WASHINGTON — There have been letters signed by generals, rabbis, Hollywood folks, and now – as of Thursday morning – a New York Times advertisement signed by a who’s who of Jewish “formers,” 25 mostly erstwhile members of the A-list of American Jewish leadership avowing their support for the Iran nuclear deal.
The prominent newspaper carried a full-page ad, sponsored by a group called the “No Nukes for Iran Project,” which urged Congress to support the Joint Comprehensive Plan of Action (JCPOA), an agreement between Tehran and six world powers to check Iran’s nuclear program in exchange for international sanctions relief.
The clock is ticking for the Obama administration to enlist the support of enough members of Congress to sustain a presidential veto on what is expected to be a Congressional vote of disapproval on the controversial nuclear deal.
The advertisement noted that many of the signers have “devoted decades to building and enhancing Israel’s security and strengthening the US-Israel alliance,” a statement designed to counter claims by some on the American right that no supporter of Israel could endorse the agreement, which Israeli leaders on left and right strongly oppose.
It begins by quoting former Israeli Navy commander and Shin Bet head Ami Ayalon, who said that “when it comes to Iran’s nuclear capability, this [deal] is the best option” among those actually available to the international community.
“We agree with Admiral Ayalon and leading Israeli military, scientific and intelligence experts who share this view,” the signers wrote.
“Each of us has devoted decades to building and enhancing Israel’s security and strengthening the US-Israel alliance. Our commitment to Israel is everlasting.”
The signers noted that they “remain deeply concerned that Iran is unflinchingly anti-Semitic and an unapologetic state-sponsor of terrorism,” but added that “a nuclear-armed Iran would be even more dangerous. While not perfect, this deal is the best available option to halt Iran’s nuclear weapons program.”
They concluded by “strongly urg[ing] Congress to support the Iran agreement.”
Congress is in the middle of a 60-day review period of the deal, which was signed between Iran and the P5+1 states last month. Congress’s Republican leadership will have Congress vote on a resolution of disapproval which, if passed, could force the US to pull out of some of its sanctions relief obligations under the agreement.
The administration is seeking to secure a large enough number of Democratic supporters to sustain a presidential veto of the resolution – which Congress can only override with a two-thirds vote in both chambers – and the battle for individual votes in the Senate has proven to be one of the key political dramas in President Barack Obama’s second term.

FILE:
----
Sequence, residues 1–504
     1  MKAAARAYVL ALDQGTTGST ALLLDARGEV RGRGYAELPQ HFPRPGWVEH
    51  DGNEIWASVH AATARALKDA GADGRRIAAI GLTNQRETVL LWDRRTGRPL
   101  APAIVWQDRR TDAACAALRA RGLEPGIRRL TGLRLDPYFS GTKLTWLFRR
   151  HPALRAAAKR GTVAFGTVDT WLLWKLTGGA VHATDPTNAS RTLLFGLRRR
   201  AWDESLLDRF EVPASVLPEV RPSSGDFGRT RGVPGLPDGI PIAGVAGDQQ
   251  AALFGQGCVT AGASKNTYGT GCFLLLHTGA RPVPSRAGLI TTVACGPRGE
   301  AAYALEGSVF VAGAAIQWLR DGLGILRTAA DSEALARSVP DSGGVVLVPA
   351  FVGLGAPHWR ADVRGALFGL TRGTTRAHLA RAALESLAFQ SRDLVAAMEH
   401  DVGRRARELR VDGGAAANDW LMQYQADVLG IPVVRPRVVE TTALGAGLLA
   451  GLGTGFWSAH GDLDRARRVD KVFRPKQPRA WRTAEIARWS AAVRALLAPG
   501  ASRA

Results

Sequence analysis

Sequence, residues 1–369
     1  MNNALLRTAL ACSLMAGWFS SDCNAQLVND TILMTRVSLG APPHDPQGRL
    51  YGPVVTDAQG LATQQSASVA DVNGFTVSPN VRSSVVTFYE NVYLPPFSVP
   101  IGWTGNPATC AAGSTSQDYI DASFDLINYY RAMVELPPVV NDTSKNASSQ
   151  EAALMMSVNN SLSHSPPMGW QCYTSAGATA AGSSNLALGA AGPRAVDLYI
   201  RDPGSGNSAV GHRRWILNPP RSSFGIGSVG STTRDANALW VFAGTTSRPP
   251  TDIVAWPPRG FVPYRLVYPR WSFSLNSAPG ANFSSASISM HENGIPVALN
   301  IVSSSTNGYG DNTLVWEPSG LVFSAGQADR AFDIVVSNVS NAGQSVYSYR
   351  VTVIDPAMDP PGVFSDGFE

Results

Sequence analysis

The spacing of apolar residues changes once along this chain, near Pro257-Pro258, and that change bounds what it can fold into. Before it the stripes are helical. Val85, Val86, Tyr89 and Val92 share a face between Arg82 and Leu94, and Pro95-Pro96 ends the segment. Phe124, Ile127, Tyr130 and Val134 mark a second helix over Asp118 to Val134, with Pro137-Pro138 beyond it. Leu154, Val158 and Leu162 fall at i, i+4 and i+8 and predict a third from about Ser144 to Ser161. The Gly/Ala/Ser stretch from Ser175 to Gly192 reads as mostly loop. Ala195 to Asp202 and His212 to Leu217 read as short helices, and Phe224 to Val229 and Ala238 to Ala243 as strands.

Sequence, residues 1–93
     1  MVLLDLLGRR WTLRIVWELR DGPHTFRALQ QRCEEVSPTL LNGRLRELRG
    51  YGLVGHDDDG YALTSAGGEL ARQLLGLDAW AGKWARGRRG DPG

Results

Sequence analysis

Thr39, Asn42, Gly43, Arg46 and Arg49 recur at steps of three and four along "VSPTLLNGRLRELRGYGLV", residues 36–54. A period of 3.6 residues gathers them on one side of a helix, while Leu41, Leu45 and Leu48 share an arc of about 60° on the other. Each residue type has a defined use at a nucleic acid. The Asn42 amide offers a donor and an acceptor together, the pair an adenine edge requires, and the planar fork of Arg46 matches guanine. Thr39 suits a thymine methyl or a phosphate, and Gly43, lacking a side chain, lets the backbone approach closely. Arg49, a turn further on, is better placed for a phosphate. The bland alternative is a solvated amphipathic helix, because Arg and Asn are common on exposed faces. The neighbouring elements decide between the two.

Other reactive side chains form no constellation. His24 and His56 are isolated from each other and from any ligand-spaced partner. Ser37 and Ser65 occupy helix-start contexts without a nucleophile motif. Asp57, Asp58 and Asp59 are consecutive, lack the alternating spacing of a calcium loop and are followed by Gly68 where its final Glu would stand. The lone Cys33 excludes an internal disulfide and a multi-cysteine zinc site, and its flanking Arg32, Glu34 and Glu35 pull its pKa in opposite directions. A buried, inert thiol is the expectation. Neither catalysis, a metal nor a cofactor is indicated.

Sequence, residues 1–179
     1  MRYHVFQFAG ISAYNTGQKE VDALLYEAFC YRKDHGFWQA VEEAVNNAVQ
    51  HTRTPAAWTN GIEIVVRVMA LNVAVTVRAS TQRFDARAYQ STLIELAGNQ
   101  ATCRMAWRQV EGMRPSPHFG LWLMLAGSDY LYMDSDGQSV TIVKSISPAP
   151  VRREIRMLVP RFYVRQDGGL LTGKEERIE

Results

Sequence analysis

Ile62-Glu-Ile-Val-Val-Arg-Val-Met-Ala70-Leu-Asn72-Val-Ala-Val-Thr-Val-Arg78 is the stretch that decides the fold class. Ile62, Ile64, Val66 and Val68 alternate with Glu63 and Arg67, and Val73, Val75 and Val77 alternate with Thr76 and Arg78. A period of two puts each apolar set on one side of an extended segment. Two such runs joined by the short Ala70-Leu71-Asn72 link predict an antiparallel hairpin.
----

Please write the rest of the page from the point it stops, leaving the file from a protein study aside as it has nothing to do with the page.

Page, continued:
Both sides have pressured and cajoled undecided lawmakers.
A number of the people who signed the declaration are former heads of organizations that have come out swinging against the controversial deal, including former AIPAC executive director Thomas Dine and former American Jewish Committee presidents E. Robert Goodkind, Robert S. Rifkind, and ex-ambassador Alfred H. Moses.
The list also includes three former chairs of the Conference of Presidents of Major American Jewish Organizations, two Jewish former members of Congress and nine leaders from the Jewish Federations of North America.
The signers stressed that they were signing as individuals rather than as representatives of the organizations that they formerly headed.
Only two signers — S. Daniel Abraham, the chair of the eponymous S. Daniel Abraham Center for Middle East Peace, and National Jewish Democratic Council Chairman Greg Rosenbaum – presently hold their leadership positions.
Thursday’s letter is the latest in a series of signed missives intended to show high levels of support for the Iran deal in specific sectors. In recent weeks, similar public letters have been released in support of the deal by rabbis, prominent scientists, retired military officers and Hollywood figures.
The two most recent such letters – Thursday’s and the rabbis’ letter, which came out three days ago – are touted by promoters as proving that the US Jewish community is far from universally opposed to the nuclear accord.